• Tropical cyclones (TCs), characterized by strong wind and large amounts of precipitation, often cause catastrophic disasters and lead to significant economic losses and casualties, especially in China and surrounding areas, such as the Indochinese Peninsula, Korean Peninsula, Japan, Luzon, and Indonesian islands. Research shows that the impact from western North Pacific TC activities has increased in recent decades, specifically for China (Zhang et al., 2011). The impact becomes even more disastrous when TCs make landfall, owing to their power dissipations, causing large amounts of destructive power to impact coastal regions (Liu et al., 2020). Thus, although substantial progress has already been achieved in improving TC track forecasts, further improvements in determining landfall locations would be greatly beneficial. Simulations and comparisons between different TC cases were recently performed to investigate the mechanisms of TC movement and improve TC track predictions. For instance, previous studies have been able to improve TC track predictions using data assimilation, model systems, or deep learning methods (Qin and Mu, 2012; Rüttgers et al., 2019). Despite these improvements, some uncertainties still exist in forecasting TC landfall locations based on their tracks.

      TC tracks are impacted by large-scale environmental flow, the axially symmetric circulation of the TC, and the planetary vorticity gradient (Wang et al., 1998). Among these factors, large-scale environmental flows, which are referred to as steering flows, have the greatest influence on TC tracks; thus, they are often used to predict and analyze TC movement (Chan and Gray, 1982; Chan, 1984; Wu and Chen, 2016). Steering flows are closely related to large-scale environmental circulation, especially the subtropical high (Chan and Gray, 1982). In addition, there are other factors that affect TC landfall, as TCs typically move toward regions with conditions that are favorable for their development. For example, Xu et al. (2013) found that TCs are more likely to move toward warmer land, and Wang et al. (2011) suggested that changes in TC tracks in recent decades are linked to the warming of the global sea surface temperature (SST).

      Accompanied by global warming during recent decades (Zhao et al., 2020), factors related to TC movement also appear to be undergoing long-term variations, which have possibly led to changes in TC tracks. TC track changes was related to the long-term variation of TC itself (Wu et al., 2006) and the environmental factors. Investigations into the subtropical high in the western North Pacific show that there was a significant decadal shift in the late 1970s or early 1980s (He and Gong, 2002; Ye et al., 2015). The long-term variation of the subtropical high was also obvious during the late 1990s, which was related to the phase shifting of the Pacific Decadal Oscillation (PDO) from positive to negative approximately during 1998, as the geopotential height was highly correlated to the PDO index (Liu and Chan, 2008; Tu et al., 2020). The Western Pacific Warm Pool began to warm after 1999 (Huangfu et al., 2015), which coincided with the westward relocation of the monsoon trough, which affected TC activity over the western North Pacific (Chen and Huang, 2008; Wu et al., 2012; Huang et al., 2018). Hu et al. (2018) reported that the synergy of the shifting El Niño-Southern Oscillation (ENSO) and 1998 Pacific climate regime contributed to the northwestward shift of autumn tropical cyclogenesis locations over the western North Pacific. Other studies have also identified a long-term northward shift of TC tracks. Based on numerical studies, He et al. (2015) and Shen et al. (2018) suggested that the SST climatological change in the western North Pacific caused a significant poleward shift of TC tracks. Using the TC trajectory model, Zhang et al. (2018) highlighted that TC activity has been suppressed in the South China Sea, whereas TC occurrences along the southeast coastal regions of China have increased. Moreover, Sun et al. (2019) analyzed the northward migration of TC occurrence over the western North Pacific based on a comparison of the periods 1982–97 and 1998–2018, suggesting that the large-scale environmental steering flow was responsible for the northward shift .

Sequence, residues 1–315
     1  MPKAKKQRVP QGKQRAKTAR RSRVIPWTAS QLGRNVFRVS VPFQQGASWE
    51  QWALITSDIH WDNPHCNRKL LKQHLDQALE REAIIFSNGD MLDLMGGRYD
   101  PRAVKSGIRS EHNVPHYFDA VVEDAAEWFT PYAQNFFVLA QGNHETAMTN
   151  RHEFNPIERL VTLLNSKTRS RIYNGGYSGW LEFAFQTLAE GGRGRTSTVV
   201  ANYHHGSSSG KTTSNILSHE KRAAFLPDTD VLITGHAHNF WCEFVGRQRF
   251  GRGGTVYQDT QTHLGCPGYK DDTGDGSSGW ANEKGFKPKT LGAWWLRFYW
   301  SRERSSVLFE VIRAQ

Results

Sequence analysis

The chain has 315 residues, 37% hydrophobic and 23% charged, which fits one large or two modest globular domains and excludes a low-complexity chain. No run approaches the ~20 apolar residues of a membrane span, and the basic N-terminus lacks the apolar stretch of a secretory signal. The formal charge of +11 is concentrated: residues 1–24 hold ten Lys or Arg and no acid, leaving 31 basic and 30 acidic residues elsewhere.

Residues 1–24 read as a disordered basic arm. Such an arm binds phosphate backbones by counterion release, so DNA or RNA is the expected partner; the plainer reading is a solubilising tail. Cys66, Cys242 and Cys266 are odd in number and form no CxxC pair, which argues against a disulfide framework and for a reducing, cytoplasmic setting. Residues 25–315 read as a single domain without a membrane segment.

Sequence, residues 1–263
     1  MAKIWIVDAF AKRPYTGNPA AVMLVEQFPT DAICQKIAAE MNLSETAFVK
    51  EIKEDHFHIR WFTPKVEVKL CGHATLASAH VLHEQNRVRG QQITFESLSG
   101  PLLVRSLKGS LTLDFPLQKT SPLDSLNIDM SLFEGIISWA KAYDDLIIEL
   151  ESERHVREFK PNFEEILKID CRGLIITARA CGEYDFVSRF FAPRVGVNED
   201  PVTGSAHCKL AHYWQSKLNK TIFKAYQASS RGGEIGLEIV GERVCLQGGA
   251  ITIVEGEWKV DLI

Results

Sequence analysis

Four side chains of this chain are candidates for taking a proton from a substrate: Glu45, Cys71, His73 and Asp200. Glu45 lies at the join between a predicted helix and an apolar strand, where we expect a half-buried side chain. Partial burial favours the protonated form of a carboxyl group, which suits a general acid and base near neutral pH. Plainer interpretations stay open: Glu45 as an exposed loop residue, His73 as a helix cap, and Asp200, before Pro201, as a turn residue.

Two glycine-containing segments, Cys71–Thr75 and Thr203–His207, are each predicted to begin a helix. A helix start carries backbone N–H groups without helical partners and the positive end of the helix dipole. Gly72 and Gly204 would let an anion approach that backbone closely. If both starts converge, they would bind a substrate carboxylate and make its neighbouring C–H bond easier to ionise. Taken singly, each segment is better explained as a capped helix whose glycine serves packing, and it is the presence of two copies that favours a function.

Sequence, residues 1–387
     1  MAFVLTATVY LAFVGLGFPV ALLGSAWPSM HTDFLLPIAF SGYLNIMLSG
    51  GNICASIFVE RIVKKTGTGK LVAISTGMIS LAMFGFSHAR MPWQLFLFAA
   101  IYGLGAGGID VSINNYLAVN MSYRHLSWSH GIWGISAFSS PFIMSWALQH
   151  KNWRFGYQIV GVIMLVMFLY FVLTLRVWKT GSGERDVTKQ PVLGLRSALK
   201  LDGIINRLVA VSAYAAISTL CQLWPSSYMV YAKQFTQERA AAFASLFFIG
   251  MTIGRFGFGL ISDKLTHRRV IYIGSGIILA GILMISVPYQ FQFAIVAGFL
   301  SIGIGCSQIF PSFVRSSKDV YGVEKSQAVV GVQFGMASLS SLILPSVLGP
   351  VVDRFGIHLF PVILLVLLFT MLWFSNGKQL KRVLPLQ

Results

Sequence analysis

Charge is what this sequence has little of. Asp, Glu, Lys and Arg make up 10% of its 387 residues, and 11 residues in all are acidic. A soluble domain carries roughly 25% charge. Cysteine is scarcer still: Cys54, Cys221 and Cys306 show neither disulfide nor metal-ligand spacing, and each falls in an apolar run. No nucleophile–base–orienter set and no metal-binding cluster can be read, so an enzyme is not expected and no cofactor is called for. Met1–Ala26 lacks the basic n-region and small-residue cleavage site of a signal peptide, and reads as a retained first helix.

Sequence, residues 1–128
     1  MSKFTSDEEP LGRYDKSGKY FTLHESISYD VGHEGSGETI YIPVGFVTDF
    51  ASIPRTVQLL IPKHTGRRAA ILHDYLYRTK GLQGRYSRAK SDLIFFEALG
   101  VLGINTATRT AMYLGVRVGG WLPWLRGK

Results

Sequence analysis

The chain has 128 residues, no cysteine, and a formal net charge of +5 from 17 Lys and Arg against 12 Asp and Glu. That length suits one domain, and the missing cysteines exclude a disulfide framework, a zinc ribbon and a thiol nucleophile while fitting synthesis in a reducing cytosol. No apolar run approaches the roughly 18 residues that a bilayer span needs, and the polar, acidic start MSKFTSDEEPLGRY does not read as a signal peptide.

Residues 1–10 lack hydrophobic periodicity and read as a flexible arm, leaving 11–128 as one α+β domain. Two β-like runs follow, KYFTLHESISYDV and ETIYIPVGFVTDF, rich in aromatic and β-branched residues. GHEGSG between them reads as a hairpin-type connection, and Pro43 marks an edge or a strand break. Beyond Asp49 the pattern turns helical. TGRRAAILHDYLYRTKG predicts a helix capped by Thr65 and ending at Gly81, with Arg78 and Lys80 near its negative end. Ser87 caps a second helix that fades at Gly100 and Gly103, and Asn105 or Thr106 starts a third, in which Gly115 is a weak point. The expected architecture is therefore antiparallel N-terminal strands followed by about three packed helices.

Based on the abovementioned results, the landfall locations of historical TCs were possibly affected by the long-term northward shift of TC tracks. As reported in some earlier studies (Wu et al., 2005; Wang et al., 2009; Yang et al., 2009), there was a decrease in TC landfalls over southern China and an increase over the northern regions of China. Considering that TCs making landfall in different western North Pacific countries are generally affected by the same large-scale systems (i.e., the subtropical high), landfall locations of TCs in the entire western North Pacific warrant a detailed analysis. Thus, this study aims to analyze the long-term variation in TC landfall locations and TC potential destructive power over the western North Pacific in relation to TC movements and background environmental factors. TCs generated during the peak of the season (July to October) from 1979 to 2018, over the western North Pacific were analyzed. The remainder of this article is divided into five sections: section 2 presents the data used in this study, section 3 describes the investigation of the long-term northward shift of landfalling TCs, section 4 describes the long-term variations in the related TC environment, and section 5 provides a summary and discussion of the findings.